In the general population of recovering opioid users, an attending physician will discuss the pros and cons of each treatment medication. During an induction window of typically at least a week, generally in the withdrawal phase, the attending physician will determine the dosage required for the recovering client to avoid the undesirable physical and psychological side effects of withdrawal as well as to prevent the onset of drug cravings, which

can trigger to a relapse. After withdrawal, medication may continue to be used to help maintain abstinence. In the context of pregnant females who have been abusing an opioid, treatment medications may be used, but special care must be given to protect the health of the fetus.

A discussion of treatment medications in the context of pregnant females is particularly vital as rates of opioid dependence are high. For example, one university-affiliated drug treatment program for pregnant women in North Carolina reports that 40 percent of its clients are treated for opioid dependence, mainly for abuse of prescription pain relievers.[19] At the national level, research shows that from 2000-2009, the number of pregnant females who use or misuse prescription opioids (such as oxycodone, codeine, and hydrocodone) increased from 1.2 to 5.6 in every 1,000 live births. Further, the rate of NAS in infants rose over this period from 1.2 to 3.4 in every 1,000 live births.[20]

Options in Opioid Replacement Therapy

Recent evidence from clinical studies shows that buprenorphine (Suboxone, Subutex) may be a safer, more effective treatment option for women and their babies than methadone. Approved for use in pregnancy in 2002, buprenorphine is less habit-forming than methadone and less likely to cause withdrawal symptoms in pregnant clients and newborns. A research project comparing the effectiveness of methadone and buprenorphine during pregnancy showed that buprenorphine provides the following advantages:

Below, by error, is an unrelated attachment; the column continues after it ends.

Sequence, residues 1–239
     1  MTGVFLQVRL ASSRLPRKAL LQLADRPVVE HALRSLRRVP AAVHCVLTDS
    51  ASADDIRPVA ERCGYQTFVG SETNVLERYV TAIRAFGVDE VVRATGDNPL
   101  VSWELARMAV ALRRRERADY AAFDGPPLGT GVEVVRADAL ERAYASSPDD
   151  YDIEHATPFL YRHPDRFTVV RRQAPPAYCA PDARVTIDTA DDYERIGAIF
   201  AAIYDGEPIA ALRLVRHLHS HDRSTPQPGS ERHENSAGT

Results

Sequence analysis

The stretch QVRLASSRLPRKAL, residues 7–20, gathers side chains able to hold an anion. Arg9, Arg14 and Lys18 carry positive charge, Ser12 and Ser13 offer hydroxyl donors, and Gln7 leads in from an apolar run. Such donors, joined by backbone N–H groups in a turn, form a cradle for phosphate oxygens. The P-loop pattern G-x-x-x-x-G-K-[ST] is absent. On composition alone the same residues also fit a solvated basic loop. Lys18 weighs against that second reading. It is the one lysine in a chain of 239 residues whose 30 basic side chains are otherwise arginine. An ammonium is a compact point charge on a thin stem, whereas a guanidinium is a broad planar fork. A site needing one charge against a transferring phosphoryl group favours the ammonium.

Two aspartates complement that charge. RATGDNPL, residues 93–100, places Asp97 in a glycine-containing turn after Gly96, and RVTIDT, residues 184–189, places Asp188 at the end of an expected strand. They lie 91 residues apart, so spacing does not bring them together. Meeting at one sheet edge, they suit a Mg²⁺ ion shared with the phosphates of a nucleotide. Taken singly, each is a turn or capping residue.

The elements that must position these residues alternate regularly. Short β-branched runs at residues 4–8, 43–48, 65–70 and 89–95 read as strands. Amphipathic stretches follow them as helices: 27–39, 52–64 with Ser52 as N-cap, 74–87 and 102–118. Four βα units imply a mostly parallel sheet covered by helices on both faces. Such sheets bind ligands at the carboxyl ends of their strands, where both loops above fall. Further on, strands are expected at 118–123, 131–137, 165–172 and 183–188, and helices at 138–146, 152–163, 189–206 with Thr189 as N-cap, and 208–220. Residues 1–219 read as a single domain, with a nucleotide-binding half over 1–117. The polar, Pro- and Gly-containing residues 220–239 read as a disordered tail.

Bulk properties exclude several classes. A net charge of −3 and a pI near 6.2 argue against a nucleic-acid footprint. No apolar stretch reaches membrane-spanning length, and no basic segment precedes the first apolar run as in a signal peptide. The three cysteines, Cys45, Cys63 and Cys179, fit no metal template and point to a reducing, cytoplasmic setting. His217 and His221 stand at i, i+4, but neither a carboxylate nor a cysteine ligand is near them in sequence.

• Buprenorphine causes fewer symptoms of opiate withdrawal in newborns.
  • Unlike methadone, buprenorphine does not have to be taken in a structured clinical setting under direct medical supervision.
  • The required dose of buprenorphine is generally lower than methadone.
  • Infants born to mothers who took buprenorphine required less intensive treatment after birth and shorter hospital stays.[21]

In terms of detoxing pregnant females from opioids, most doctors support that using methadone or buprenorphine is safer than a “cold-turkey” approach, which can increase the risk of miscarriage and other complications. Research and clinical cases show that it is possible for pregnant females who are undergoing a supervised medical detox to be gradually tapered off the opioids during any trimester. After detox, pregnant women may also be placed on these treatment medications as a method of abstinence maintenance.[22] Note, however, that these are general treatment advisements. Each rehab center reviews the needs of pregnant clients on a case-by-case basis.

In the case of females in recovery, research shows that in addition to standard therapy treatment, ancillary services can help with treatment retention and outcomes. Supportive services that can help pregnant and non-pregnant females include:

  • A childcare arrangement that covers the hours during outpatient treatment or during an inpatient stay
  • In the case of an outpatient program, transportation to and from the site
  • Information about the state’s laws on using drugs during pregnancy (to help overcome this barrier to treatment)
  • Help with housing placement after rehab graduation
  • Domestic violence counseling (as needed)
  • The presence of positive female role models